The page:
Why Andrew Benintendi could be a major postseason factor for Red Sox

BALTIMORE -- In the sixth inning Wednesday night, Andrew Benintendi ambushed a first-pitch fastball for a line-drive, three-run home run into the right-field bleachers at Camden Yards. The blast propelled the surging Boston Red Sox to their season-high seventh consecutive victory, a 5-1 win over the Baltimore Orioles.

And somewhere in Ohio, Dave Evans smiled.

Three decades as an amateur coach of a Cincinnati-area summer league team -- one that has produced dozens of major leaguers, including Ken Griffey Jr. and Barry Larkin -- tell Evans that Benintendi shouldn't be here. Not yet. Not this quickly. Even first-round picks who have stellar careers in powerhouse college programs spend years refining their talent in the minors before getting their shot to play in the big leagues, especially for a World Series contender.

Yet here was Benintendi, 22 years old, already making his 23rd career start in the outfield for the Red Sox despite being drafted in the first round only 15 months ago. And here he was going deep with a sweet, left-handed stroke against tough Orioles reliever Brad Brach.

"It's amazing, just amazing," Evans said recently of Benintendi's rapid ascension. "We had [Kansas City Royals first baseman] Eric Hosmer play with us, and he had to spend his years [in the minors]. It's just amazing that Andrew is out there so quickly. You don't see it very often."

Then again, before Benintendi came along, it wasn't often that Evans had seen a 16-year-old play for his team, the Midland Redskins, which is composed mostly of 17- and 18-year-olds. But in 2011, with Benintendi slated to play against kids his own age, a spot opened up on Midland's roster.

Evans did what Red Sox manager John Farrell has done since Benintendi was called up from Double-A Portland at the beginning of August. He moved Benintendi, a natural center fielder, to left field and batted him ninth as a way of easing him in against older, more experienced competition.

"And that lasted for about five games," Evans said. "We moved him up to leadoff, and he took pitches, he got on base, he would bunt. He just became the best hitter on the team."

OK, so Red Sox leadoff man Dustin Pedroia doesn't need to start looking over his shoulder. He isn't in any danger of relinquishing the top spot in Boston's high-octane lineup.

There are indications, though, that Benintendi won't be in the No. 9 spot for long. Having returned from a three-week absence because of a left knee sprain that the Red Sox feared might knock him out for the balance of the season -- and having remarkably not lost a millisecond of his timing at the plate -- Benintendi might soon be movin' on up closer to the middle of the order.

"Yeah, I've thought about it," Farrell said after Benintendi extended his hitting streak to six games. "When we have our normal starting lineup there, when Hanley [Ramirez] is in that 5-hole, that 6 spot is a key spot for us. And when you can get the ability to maybe not fear a matchup, that would certainly continue to lengthen our lineup out."

While fellow top prospect Yoan Moncada has demonstrated he isn't ready for the big leagues, Benintendi is batting .317 with an .884 OPS in 82 at-bats. He has represented a strong matchup against right-handed pitchers. He's 22-for-62 (.355) with nine doubles, one triple and two homers against righties compared to 4-for-20 (.200) with no extra-base hits against lefties.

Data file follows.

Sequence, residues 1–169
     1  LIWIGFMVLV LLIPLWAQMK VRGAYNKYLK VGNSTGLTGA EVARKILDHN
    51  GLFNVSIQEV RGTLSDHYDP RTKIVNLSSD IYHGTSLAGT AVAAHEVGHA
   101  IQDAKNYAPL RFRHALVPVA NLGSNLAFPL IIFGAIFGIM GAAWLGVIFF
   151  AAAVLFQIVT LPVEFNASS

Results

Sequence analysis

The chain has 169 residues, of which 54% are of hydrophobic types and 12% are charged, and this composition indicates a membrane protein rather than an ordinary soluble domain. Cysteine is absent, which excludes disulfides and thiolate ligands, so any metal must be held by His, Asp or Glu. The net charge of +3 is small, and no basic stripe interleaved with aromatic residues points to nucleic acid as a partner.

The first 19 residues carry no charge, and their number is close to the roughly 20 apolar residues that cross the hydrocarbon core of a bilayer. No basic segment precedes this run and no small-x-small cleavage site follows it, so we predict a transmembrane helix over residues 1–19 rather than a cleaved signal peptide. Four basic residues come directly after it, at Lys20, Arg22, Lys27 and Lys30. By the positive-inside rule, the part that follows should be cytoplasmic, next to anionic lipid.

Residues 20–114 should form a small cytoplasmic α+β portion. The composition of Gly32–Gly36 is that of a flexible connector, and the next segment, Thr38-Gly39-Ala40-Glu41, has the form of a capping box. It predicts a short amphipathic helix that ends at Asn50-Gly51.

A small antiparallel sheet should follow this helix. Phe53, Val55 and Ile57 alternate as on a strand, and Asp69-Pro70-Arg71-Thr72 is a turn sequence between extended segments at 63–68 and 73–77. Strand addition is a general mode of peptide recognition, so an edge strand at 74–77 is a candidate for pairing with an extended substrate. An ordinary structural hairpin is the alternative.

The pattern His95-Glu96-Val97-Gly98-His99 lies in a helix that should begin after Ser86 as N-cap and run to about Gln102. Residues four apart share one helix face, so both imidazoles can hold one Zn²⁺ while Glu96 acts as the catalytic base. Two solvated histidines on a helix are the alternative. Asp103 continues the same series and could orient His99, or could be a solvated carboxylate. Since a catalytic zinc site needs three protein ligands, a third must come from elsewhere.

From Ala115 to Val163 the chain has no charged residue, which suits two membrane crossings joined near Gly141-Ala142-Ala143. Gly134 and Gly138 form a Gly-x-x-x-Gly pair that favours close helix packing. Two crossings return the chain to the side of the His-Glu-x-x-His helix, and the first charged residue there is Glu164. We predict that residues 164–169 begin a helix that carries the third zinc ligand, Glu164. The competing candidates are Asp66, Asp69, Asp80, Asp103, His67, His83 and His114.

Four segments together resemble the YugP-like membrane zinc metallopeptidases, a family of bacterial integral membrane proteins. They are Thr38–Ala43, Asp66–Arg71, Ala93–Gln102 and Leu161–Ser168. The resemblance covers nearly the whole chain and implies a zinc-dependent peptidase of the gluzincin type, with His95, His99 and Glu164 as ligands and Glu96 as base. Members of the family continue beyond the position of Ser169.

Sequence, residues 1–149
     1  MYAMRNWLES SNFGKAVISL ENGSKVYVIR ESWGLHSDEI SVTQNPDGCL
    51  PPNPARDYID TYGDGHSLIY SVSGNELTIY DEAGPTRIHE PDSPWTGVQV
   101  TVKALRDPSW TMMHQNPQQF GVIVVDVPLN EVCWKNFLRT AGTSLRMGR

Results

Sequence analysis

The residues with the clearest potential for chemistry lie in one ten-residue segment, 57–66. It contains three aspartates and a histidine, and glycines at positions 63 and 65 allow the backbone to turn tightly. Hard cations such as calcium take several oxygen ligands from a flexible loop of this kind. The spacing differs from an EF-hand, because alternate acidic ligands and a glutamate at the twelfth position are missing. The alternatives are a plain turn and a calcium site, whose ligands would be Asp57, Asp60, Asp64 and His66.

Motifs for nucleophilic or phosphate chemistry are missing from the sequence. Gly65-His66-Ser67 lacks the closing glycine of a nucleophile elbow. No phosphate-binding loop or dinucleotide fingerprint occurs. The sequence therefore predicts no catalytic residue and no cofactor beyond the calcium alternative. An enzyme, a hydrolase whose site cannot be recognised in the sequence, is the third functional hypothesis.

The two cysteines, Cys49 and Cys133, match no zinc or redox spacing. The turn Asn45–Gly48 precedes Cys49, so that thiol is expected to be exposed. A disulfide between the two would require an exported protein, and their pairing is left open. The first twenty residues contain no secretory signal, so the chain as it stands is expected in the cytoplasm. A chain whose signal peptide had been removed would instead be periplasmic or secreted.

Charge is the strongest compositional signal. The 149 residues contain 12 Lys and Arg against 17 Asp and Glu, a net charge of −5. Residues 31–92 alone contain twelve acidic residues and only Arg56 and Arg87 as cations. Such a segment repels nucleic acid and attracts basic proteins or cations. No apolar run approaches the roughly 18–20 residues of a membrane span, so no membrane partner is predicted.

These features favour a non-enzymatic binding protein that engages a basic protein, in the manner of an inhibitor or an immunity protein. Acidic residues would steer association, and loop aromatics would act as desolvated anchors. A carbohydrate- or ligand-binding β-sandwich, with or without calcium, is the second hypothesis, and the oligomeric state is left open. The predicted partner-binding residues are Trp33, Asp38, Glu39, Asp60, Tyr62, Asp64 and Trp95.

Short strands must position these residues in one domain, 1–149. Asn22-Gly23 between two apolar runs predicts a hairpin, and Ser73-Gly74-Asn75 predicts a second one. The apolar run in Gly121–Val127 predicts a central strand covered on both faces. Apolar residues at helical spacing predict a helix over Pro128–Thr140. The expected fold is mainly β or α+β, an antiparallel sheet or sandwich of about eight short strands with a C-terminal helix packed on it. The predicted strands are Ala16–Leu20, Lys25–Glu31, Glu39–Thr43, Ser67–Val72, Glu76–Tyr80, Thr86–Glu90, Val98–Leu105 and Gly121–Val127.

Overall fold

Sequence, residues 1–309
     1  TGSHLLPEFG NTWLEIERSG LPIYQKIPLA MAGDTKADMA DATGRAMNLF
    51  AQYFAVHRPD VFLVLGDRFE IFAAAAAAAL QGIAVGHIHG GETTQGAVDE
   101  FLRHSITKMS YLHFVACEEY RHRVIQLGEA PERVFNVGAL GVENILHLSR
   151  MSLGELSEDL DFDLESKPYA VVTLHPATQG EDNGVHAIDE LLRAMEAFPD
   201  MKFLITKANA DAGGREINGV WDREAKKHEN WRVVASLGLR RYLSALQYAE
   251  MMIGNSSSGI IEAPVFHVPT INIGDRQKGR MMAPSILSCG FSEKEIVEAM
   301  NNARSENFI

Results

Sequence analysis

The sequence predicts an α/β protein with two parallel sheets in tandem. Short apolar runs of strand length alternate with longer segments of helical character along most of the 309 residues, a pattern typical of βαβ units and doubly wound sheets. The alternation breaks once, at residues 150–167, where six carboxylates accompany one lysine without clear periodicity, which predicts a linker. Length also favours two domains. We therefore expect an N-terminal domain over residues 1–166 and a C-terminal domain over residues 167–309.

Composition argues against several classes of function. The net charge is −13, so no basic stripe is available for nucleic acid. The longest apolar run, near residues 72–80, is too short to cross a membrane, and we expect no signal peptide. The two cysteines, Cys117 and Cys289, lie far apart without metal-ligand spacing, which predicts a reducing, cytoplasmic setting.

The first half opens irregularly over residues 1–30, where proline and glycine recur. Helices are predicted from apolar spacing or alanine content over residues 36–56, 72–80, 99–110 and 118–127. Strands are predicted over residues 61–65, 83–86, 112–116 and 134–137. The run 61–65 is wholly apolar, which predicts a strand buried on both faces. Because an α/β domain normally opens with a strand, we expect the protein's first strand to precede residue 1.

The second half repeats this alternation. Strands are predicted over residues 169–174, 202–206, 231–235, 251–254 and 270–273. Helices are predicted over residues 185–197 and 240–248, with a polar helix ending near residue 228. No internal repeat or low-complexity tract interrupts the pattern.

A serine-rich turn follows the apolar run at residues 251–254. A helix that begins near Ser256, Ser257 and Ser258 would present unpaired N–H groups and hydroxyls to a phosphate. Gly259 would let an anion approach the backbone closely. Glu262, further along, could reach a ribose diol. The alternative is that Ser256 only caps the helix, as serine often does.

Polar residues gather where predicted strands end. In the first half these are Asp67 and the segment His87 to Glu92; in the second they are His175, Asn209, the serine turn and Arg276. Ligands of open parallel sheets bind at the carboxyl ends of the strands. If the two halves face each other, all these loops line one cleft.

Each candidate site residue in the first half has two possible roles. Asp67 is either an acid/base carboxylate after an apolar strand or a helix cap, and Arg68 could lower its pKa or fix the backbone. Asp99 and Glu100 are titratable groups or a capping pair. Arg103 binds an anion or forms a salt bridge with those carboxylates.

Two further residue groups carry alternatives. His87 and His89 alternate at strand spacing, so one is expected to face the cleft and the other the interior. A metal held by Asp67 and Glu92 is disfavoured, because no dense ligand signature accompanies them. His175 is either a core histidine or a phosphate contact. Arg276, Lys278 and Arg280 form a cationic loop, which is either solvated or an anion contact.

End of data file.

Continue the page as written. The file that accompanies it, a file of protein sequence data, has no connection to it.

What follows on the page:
And so, as the Red Sox prepare for the playoffs -- yes, with a five-game lead in the American League East and 10 games remaining on the schedule, it's safe to start talking about playoffs -- the plan in left field is clear: Righty-swinging Farrell favorite Chris Young will start against left-handed pitchers, and Benintendi will be in the lineup against righties.

"It's been really fun," Benintendi said of being thrust into a pennant race. "Three weeks [on the disabled list] seemed like three months. It was fun watching, but after a while, it's like, yeah, I want to go out there and have fun with these guys. It's really good to be back."

Nothing seems to faze Benintendi. Not stepping to the plate after Orioles first baseman Chris Davis' throwing error had just allowed two runs to score and facing Brach, who has a 1.69 ERA in 67 appearances this season. Not having to wear a custom-fitted brace to protect his knee, a predicament that Benintendi says "kind of stinks, but is something I can deal with if it let me be out there." And certainly not being thrust into the glare of a pennant race.

"I mean, I think I was confident that I could play at this level," Benintendi said. "I knew there'd be some struggles a little bit. I think with guys around me and my teammates and coaches, they've made the transition a lot easier."

The Red Sox are hoping Benintendi, in his own way, can be this season's version of Kyle Schwarber, who was called up by the Chicago Cubs last year after being drafted in 2014 and made an enormous postseason impact with five homers in 27 at-bats.

No matter what happens, Evans won't be surprised.

"He's a great little athlete," he said of Benintendi. "He averaged, like, 25 points a game in basketball for two or three years [in high school]. Anything that he does, he's darned good at. And he adjusts to anything you throw at him."

With October beckoning, Benintendi is about to get his next challenge. There's no reason to believe he won't be ready for it.